This Christmas, Keanu Reeves stars in a big budget 3-D adaptation of the tale of the 47 Ronin. Reeves is Kai, a disgraced swordsman man who joins Oishi (Hiroyuki Sanada) on his quest to lead 47 outcast warriors seeking vengeance over an evil overload.
At the very least, it's the best Hollywood-version of Japanese tale opening this holiday season. So is Reeves speaking softly and carry a big blade enough?
Here are five things to know about Keanu and the rest of the masterless samurai:
1. Epic Tale Becomes Ho-Hum: The story of the 47 Ronin is one of Japan's most popular and beloved legends. Based loosely on events from the 18th century, the main plot follows the loyal samurai who become masterless ("ronin") when their leader Lord Asano (Min Tanaka) is tricked and forced to commit ritual seppuku (suicide by sword). The 47 waited a year, planning their vengeance. The new version includes an unneeded damsel (Kô Shibasaki) in distress sub plot, underdeveloped CGI creatures,and lots of 300-style slow-motion. Lost among the pizzazz is the most captivating aspect of the story: the 47's code of honor, one that was unflinching.
2. The Real Leader of the 47: Oishi leads his charge into battle and we're rooting for him the whole time. Keanu's Kai is probably the easiest to identify with, yet Oishi has the most layers. We wish the film had been more focused on him.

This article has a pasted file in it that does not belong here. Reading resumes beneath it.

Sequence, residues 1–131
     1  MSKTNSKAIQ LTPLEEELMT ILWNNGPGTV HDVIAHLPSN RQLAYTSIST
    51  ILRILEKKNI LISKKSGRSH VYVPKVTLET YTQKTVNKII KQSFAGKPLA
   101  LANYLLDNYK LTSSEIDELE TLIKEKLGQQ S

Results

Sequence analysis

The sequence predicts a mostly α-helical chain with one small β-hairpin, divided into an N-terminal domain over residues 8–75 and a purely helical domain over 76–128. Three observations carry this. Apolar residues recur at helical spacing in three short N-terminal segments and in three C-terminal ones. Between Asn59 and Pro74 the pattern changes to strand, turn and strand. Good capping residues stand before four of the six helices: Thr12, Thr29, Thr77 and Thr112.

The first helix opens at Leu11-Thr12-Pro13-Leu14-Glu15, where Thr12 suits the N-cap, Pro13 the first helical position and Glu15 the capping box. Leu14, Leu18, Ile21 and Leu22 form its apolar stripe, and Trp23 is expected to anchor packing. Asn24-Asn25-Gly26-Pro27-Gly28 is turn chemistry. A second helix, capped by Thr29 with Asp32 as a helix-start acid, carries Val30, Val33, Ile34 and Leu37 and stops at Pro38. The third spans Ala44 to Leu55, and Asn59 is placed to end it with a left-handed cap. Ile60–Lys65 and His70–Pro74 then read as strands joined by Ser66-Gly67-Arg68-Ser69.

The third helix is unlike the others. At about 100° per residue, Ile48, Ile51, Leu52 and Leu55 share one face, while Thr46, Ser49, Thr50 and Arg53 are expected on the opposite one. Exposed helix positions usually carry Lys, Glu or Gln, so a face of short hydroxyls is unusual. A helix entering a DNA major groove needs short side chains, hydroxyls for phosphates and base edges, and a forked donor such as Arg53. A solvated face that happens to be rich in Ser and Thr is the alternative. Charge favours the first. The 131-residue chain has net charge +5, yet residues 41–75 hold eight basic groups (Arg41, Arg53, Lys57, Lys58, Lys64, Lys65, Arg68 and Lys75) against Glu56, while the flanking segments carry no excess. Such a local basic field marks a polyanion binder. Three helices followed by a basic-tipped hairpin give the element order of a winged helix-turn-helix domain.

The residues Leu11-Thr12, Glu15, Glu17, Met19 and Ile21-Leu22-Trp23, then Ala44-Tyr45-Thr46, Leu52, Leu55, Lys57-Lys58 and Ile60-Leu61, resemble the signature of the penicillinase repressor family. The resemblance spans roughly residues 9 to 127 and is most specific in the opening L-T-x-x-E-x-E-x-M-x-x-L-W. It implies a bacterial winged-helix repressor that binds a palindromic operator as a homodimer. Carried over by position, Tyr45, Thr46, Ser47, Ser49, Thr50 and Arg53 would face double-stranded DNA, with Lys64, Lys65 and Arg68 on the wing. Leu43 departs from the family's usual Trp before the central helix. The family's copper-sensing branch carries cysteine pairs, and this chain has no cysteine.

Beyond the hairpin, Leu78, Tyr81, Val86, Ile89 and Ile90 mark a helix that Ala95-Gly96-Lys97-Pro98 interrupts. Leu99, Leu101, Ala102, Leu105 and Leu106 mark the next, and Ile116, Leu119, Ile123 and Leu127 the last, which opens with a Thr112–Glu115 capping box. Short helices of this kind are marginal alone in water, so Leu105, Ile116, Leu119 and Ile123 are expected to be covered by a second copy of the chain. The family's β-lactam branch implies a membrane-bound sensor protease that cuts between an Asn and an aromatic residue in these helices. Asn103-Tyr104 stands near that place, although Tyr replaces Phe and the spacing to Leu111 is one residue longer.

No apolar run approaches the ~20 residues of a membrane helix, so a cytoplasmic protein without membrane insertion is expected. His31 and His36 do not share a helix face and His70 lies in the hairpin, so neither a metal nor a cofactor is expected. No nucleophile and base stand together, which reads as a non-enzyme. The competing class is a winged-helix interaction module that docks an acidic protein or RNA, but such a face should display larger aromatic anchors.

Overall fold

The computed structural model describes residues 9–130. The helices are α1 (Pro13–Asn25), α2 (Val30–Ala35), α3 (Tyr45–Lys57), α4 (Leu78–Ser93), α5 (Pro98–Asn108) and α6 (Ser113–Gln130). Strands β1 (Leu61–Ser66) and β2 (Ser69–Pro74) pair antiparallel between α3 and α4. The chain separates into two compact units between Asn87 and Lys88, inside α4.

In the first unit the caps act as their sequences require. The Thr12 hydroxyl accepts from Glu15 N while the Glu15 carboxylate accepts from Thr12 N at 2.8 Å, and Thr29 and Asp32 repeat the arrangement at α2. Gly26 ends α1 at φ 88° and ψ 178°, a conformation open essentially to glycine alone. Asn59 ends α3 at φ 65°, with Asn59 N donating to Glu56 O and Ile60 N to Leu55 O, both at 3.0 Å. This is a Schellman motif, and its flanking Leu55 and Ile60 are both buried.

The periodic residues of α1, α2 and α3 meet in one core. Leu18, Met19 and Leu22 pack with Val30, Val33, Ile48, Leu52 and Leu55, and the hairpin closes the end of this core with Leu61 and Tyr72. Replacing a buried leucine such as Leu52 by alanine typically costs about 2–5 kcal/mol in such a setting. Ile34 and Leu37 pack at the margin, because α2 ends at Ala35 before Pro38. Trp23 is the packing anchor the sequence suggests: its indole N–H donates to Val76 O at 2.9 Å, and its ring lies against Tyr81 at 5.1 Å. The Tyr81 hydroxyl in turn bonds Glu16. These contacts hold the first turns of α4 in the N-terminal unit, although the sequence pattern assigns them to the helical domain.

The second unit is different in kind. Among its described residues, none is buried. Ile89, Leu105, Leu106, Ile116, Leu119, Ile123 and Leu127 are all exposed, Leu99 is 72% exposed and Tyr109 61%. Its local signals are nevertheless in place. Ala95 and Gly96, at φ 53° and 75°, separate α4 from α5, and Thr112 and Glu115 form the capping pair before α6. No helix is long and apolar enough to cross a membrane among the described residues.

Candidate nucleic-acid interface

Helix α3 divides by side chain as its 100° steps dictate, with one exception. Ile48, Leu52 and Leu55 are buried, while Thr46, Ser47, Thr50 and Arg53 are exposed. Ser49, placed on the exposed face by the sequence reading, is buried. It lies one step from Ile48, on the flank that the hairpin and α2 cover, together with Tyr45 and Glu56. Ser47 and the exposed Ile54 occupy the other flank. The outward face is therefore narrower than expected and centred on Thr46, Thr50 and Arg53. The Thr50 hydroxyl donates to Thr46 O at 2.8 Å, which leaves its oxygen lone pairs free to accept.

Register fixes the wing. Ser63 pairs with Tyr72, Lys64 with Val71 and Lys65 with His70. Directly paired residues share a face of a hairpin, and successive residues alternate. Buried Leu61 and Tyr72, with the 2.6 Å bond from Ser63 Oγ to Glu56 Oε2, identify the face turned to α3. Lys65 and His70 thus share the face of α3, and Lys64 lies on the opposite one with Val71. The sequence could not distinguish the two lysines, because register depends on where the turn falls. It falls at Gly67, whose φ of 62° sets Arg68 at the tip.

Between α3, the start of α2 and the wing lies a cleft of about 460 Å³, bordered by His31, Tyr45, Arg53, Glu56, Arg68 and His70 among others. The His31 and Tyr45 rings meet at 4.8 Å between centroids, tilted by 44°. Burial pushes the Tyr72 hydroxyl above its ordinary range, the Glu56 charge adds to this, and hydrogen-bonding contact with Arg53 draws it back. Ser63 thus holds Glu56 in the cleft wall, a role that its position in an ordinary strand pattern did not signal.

3. 3-D Meh: The production value of Ronin is spectacular. The colorful costumes, the huge set pieces, everything has a beautiful sheen to it. Sad then that the 3-D version suffers from the all too normal dark haze that plagues viewers wearing shades. If possible stick with 2-D presentation.
4. Watch the Witch: Credited as witch, Rinko Kikuchi (Pacific Rim) is the shape-shifting henchwoman of overlord Kira (Tadanobu Asano). Her twisty satin-draped entrances are like some beguiling fashionista tornado. The character is pretty darn silly, but as least Kikuchi doesn't look like she's going to tear up in every scene like she did in Guillermo Del Toro's monsters vs. robots mash.
5. Only the Second Best Keanu Pic of the Season: Last month, Reeves starred and directed Man of Tai Chi. Set in modern Beijing with the help of his former Matrix fight choreographer Woo-ping Yuen, Chi was loose, fun, and had energy to spare. See it on VOD!
(E! and Universal Pictures are both part of the NBCUniversal family.)